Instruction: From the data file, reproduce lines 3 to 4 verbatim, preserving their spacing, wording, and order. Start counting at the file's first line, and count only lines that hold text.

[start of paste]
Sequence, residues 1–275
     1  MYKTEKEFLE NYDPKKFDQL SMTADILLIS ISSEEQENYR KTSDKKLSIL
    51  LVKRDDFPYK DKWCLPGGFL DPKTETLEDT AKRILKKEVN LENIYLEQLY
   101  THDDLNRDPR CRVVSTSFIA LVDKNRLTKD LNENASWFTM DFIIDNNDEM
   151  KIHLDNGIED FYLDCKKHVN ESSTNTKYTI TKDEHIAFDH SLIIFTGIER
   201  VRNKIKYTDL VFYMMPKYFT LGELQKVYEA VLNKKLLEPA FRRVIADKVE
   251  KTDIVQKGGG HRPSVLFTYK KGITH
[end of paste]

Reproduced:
    51  LVKRDDFPYK DKWCLPGGFL DPKTETLEDT AKRILKKEVN LENIYLEQLY
   101  THDDLNRDPR CRVVSTSFIA LVDKNRLTKD LNENASWFTM DFIIDNNDEM